There can hardly be any doubt that the U.S. will provide support for efforts to undermine the regime, which has been a prime enemy since 1979, when the U.S.-backed tyrant who was re-installed by the U.S. by a military coup in 1953 was overthrown in a popular uprising. The U.S. at once gave strong support to its then-friend Saddam Hussein in his murderous assault against Iran, finally intervening directly to ensure Iran’s virtual capitulation, an experience not forgotten by Iranians, surely not by the ruling powers.

When the war ended, the U.S. imposed harsh sanctions on Iran. President Bush I — the statesman Bush — invited Iraqi nuclear engineers to the U.S. for advanced training in nuclear weapons development and sent a high-level delegation to assure Saddam of Washington’s strong support for him. All very serious threats to Iran.

Punishment of Iran has continued since and remains bipartisan policy, with little public debate. Britain, Iran’s traditional torturer before the U.S. displaced it in the 1953 coup that overthrew Iranian democracy, is likely, as usual, to trail obediently behind the U.S., perhaps other allies. Israel surely will do what it can to overthrow its archenemy since 1979 — previously a close ally under the Shah, though the intimate relations were clandestine.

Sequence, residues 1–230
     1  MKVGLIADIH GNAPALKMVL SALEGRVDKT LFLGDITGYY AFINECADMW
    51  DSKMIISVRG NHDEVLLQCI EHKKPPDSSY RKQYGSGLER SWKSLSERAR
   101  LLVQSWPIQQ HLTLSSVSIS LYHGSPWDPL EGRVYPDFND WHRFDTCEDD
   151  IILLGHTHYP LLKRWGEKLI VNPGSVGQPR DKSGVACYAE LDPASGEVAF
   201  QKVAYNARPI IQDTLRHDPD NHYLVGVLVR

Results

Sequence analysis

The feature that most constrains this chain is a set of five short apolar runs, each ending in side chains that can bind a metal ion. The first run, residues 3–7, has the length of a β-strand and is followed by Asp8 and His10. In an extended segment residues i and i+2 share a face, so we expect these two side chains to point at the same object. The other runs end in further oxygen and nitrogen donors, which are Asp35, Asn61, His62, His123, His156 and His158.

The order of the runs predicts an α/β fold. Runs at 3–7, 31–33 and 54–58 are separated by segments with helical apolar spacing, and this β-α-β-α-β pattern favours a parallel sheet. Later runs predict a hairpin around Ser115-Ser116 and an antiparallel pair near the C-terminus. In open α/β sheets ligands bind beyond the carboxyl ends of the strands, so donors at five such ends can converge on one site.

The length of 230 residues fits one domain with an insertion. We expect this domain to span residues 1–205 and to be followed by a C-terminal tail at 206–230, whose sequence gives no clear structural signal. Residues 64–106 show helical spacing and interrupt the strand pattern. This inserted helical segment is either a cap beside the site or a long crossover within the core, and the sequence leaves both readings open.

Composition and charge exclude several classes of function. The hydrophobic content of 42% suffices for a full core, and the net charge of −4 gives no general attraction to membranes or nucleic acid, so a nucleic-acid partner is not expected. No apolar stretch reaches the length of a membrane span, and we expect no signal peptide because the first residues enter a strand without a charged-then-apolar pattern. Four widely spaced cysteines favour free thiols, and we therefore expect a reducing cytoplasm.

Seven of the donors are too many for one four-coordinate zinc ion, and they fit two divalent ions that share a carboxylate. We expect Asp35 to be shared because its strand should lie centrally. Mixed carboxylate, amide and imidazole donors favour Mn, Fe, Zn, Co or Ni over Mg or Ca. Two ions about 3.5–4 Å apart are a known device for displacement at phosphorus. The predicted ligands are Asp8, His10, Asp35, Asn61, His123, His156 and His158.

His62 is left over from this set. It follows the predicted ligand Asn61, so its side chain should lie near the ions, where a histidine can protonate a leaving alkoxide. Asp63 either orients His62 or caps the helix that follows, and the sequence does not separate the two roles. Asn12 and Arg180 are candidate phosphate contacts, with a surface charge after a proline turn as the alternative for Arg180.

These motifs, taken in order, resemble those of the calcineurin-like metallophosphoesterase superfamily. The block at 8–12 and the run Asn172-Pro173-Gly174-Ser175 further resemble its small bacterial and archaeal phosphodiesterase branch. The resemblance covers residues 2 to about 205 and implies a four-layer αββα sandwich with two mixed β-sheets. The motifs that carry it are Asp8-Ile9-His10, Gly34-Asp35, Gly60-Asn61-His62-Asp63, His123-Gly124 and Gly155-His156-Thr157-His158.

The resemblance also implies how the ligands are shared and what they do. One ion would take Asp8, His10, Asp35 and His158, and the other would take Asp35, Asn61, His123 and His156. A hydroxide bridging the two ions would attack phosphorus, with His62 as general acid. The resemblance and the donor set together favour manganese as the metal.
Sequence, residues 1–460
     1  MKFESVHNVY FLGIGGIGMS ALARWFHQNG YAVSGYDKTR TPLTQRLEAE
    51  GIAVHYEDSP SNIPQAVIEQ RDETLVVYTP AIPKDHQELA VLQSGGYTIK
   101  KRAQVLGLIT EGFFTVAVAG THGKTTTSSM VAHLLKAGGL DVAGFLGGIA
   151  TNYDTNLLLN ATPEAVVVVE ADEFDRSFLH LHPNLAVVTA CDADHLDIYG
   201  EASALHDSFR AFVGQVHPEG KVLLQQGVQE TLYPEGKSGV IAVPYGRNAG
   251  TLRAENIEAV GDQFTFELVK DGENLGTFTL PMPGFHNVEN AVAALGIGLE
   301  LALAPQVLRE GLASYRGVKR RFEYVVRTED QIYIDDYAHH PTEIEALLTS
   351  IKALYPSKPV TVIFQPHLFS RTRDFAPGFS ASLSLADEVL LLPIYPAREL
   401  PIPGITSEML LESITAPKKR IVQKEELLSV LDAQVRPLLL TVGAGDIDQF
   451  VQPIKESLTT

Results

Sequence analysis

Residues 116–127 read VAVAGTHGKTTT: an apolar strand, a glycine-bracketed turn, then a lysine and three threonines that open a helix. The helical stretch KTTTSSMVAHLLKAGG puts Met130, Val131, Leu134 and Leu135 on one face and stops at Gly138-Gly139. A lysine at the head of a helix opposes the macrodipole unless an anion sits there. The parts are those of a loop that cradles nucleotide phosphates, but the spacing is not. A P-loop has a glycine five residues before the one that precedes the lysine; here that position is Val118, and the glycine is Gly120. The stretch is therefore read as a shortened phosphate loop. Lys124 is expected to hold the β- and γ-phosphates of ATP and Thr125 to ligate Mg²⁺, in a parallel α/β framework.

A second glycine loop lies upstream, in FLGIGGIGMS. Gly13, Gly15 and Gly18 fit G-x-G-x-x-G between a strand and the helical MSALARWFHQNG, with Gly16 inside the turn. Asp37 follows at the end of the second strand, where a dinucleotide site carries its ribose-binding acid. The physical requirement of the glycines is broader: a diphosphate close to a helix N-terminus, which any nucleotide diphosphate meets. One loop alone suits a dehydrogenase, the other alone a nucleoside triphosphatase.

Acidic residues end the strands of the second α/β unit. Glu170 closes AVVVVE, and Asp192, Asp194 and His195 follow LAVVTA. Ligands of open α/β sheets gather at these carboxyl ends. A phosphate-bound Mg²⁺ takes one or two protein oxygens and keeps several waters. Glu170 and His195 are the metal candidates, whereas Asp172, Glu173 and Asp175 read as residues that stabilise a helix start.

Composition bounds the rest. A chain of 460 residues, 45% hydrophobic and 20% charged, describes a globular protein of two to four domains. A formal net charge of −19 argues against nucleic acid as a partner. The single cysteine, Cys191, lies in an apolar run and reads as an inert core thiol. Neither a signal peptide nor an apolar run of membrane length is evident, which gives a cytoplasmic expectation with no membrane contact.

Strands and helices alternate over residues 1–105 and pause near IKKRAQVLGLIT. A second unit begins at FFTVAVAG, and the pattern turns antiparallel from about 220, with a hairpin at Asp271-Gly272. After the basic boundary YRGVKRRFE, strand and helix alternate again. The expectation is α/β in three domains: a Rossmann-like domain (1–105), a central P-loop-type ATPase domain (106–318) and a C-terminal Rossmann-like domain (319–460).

Both the U.S. and the European Union imposed new sanctions on Iran over the crackdown on protests. Haven’t sanctions against Iran been counterproductive? In fact, don’t sanctioned regimes tend to become more authoritarian and repressive, with ordinary people being hurt much more than those in power?

We always have to ask: Counterproductive for whom? Sanctions do typically have the effect you describe and would be “counterproductive” if the announced goals — always noble and humane — had anything to do with the real ones. That’s rarely the case.

The sanctions have severely harmed the Iranian economy, incidentally causing enormous suffering. But that has been the U.S. goal for over 40 years. For Europe it’s a different matter. European business sees Iran as an opportunity for investment, trade and resource extraction, all blocked by the U.S. policy of crushing Iran.